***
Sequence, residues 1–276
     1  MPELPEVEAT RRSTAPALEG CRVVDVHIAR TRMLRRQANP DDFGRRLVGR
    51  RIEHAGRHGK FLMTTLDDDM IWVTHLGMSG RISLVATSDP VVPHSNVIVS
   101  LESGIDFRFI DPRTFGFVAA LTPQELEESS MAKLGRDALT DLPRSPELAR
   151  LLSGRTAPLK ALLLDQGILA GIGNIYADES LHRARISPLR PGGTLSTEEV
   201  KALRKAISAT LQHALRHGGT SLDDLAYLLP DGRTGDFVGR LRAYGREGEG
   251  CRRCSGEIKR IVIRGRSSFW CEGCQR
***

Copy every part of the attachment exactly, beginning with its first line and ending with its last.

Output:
Sequence, residues 1–276
     1  MPELPEVEAT RRSTAPALEG CRVVDVHIAR TRMLRRQANP DDFGRRLVGR
    51  RIEHAGRHGK FLMTTLDDDM IWVTHLGMSG RISLVATSDP VVPHSNVIVS
   101  LESGIDFRFI DPRTFGFVAA LTPQELEESS MAKLGRDALT DLPRSPELAR
   151  LLSGRTAPLK ALLLDQGILA GIGNIYADES LHRARISPLR PGGTLSTEEV
   201  KALRKAISAT LQHALRHGGT SLDDLAYLLP DGRTGDFVGR LRAYGREGEG
   251  CRRCSGEIKR IVIRGRSSFW CEGCQR